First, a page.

Have you ever tried to balance a pattern? Well, if so then symmetry was probably involved. Take a look at this dilemma.
Dylan looked at the work his friend Marcus was doing in class. Marcus had decided to design and build a tepee. Like Dylan’s geodesic dome, Marcus was having a difficult time with the construction aspect of the teepee.
“What seems to be the trouble?” Dylan asked Marcus as he saw Marcus sit down frustrated next to his sticks and cloth covering.
“This thing won’t stand up. I put the sticks together. They are all the same length, then I try to put the canvas over the sticks and it doesn’t fit. I am so frustrated!” Marcus exclaimed putting his head in his hands.
Dylan looked at the sticks and then as the canvas. As soon as he looked at the canvas, he knew what was wrong with Marcus’ design.
“I know how to fix it.”
“How?” Marcus asked puzzled.
“Symmetry is the key here, not the length of the sticks.” Dylan said.
Do you know what Dylan means? What is symmetry? How does a teepee have symmetry? What would Marcus have to do to be sure that his canvas was symmetrical?
Pay attention during this Concept and you will learn all that you need to know to solve this problem and help Marcus with his teepee.
Sometimes, a figure will have parts that mirror themselves within one object. In this case, parts of the object match other parts of the picture. This is called symmetry. Take a look.
Look at this heart. It has two sides that match. The heart is symmetrical because there is symmetry in its design. This heart can be divided in half vertically where one half matches the other half. This line that divides the heart into matching parts is called the line of symmetry.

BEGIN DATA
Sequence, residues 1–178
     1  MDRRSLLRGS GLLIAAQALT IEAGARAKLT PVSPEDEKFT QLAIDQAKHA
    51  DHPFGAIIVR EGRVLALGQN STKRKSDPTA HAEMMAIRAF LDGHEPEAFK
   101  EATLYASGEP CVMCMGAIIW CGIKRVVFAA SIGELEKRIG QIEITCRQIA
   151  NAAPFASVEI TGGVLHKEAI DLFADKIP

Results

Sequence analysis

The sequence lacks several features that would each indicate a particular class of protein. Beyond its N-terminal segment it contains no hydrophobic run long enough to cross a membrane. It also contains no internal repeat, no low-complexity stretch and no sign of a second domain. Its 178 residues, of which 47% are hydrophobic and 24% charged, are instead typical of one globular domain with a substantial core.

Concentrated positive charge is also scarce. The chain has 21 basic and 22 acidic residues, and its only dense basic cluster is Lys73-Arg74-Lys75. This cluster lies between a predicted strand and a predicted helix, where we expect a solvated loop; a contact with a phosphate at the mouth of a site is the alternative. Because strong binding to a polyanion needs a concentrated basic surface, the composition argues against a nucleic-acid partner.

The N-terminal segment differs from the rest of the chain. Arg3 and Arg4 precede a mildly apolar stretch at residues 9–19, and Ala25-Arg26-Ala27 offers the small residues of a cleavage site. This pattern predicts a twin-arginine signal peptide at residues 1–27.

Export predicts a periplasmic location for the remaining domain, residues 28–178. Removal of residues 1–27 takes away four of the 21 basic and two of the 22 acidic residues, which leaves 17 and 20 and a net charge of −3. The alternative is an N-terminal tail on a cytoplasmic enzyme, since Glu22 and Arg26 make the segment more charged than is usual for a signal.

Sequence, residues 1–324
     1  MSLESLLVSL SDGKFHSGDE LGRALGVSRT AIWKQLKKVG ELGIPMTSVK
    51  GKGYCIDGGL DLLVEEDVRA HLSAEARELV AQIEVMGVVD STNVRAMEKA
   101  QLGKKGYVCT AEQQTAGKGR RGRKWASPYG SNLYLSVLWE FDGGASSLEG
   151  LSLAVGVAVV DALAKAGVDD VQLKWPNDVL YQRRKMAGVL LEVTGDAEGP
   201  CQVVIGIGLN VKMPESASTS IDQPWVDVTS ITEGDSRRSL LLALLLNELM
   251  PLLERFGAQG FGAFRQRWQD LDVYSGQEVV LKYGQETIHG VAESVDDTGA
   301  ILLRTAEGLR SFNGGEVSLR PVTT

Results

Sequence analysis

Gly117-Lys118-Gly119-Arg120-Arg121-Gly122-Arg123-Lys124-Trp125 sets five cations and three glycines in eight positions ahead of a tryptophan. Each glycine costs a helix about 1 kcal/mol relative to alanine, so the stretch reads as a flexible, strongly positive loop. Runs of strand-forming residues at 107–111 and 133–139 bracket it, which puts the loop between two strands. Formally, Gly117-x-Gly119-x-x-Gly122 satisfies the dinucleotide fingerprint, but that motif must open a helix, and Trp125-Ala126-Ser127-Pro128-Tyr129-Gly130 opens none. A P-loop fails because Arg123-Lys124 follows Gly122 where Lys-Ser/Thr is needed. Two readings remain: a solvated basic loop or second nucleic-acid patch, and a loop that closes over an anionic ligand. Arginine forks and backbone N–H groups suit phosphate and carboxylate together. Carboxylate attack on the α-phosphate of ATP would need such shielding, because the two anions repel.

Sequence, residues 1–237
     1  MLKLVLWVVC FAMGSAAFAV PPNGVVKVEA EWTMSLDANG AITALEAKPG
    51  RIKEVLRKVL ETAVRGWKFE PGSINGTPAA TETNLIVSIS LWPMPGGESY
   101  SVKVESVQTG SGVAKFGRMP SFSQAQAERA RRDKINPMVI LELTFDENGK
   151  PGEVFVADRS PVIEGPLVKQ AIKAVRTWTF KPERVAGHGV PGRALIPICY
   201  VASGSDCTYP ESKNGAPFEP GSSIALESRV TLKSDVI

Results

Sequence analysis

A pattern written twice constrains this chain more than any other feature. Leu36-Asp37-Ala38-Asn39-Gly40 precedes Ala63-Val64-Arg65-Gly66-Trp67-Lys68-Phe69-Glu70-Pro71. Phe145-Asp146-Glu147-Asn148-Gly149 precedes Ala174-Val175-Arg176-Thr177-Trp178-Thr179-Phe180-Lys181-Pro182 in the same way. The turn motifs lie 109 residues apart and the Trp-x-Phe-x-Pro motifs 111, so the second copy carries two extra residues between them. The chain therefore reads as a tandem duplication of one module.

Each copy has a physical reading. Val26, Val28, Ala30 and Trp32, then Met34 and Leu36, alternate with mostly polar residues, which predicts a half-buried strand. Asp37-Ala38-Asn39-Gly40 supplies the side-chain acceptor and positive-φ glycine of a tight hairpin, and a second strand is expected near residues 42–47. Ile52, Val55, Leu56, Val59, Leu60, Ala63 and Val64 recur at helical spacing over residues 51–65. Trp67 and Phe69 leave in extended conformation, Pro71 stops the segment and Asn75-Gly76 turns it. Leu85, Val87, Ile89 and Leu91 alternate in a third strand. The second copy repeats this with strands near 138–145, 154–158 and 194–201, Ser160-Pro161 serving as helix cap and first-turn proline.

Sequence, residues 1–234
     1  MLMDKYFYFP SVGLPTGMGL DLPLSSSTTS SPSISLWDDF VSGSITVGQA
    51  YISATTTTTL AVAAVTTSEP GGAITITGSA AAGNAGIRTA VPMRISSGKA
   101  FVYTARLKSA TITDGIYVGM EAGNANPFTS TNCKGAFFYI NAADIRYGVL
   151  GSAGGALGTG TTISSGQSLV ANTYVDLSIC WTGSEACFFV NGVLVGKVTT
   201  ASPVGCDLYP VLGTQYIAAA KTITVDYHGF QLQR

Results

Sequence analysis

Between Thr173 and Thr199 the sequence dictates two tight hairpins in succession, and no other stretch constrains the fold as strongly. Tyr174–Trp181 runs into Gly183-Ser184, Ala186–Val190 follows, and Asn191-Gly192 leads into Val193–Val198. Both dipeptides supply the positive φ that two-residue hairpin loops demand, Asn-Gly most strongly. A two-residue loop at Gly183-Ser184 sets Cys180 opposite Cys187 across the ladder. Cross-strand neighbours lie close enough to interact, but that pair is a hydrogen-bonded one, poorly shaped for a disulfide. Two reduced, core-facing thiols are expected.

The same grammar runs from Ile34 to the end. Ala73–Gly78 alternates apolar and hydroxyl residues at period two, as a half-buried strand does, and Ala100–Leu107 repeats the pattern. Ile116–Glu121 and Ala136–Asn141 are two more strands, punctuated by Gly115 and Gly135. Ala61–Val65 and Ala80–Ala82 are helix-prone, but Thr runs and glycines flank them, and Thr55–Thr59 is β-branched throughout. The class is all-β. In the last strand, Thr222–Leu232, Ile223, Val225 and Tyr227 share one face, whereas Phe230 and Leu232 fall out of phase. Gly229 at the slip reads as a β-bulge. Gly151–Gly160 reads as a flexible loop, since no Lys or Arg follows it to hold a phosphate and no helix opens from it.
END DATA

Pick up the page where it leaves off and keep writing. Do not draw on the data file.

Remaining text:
We can determine other lines of symmetry by looking at other objects.
Look at this cross. It has two lines of symmetry. If you look, the cross can be divided in half perfectly vertically and in half horizontally. This means that there are two lines of symmetry in the cross.
We can find symmetry all around us. There is symmetry in real – world objects that we see all the time. Look around you today and locate three different things that have lines of symmetry.
Here are some butterflies to think about.
Does the figure below have symmetry? Can it be a reflection?
Solution: Yes, this figure has symmetry and can be a reflection.
How many lines of symmetry does this figure have?
Solution: This figure has two lines of symmetry.
Do these figures have symmetry?
Solution: No, these figures do not have symmetry.
Now let's go back to the dilemma from the beginning of the Concept.
We need to answer three questions.
What is symmetry?
Symmetry is when two halves of an object match. In other words, you can divide the object into parts and the parts are congruent. A heart is a symmetrical object, so is a teepee.
How does a teepee have symmetry?
A teepee has symmetry because it can be divided in half so that one half of the teepee matches the other half.
What would Marcus have to do to be sure that his canvas was symmetrical?
While Marcus was sure that his sticks were all the same length that is only half of the necessary piece. Marcus also needs to be sure that the canvas is the same all the way around. If he does, then all sides will match or be symmetrical, if not then one side will be different that the other.
when an object has the ability to be divided into matching parts.
Line of Symmetry
the line that divides an object into matching parts.
Here is one for you to try on your own.
Does this figure have symmetry? Can it be a reflection?
Yes, you can divide this butterfly evenly so that one side can reflect the other. Therefore, it has symmetry.
Directions:Use the illustration to answer each question.
1. Do these figures have symmetry?
2. Can they be reflections?
3. How many lines of symmetry does each figure have?
Directions: Find all lines of symmetry for the shapes below.
Directions:Name the number of lines of symmetry for each letter.
Directions:Answer each question true or false.
12. All triangles have symmetry.
13. All circles have symmetry.
14. The letter "x" has two lines of symmetry.
15. The letter "s" has two lines of symmetry.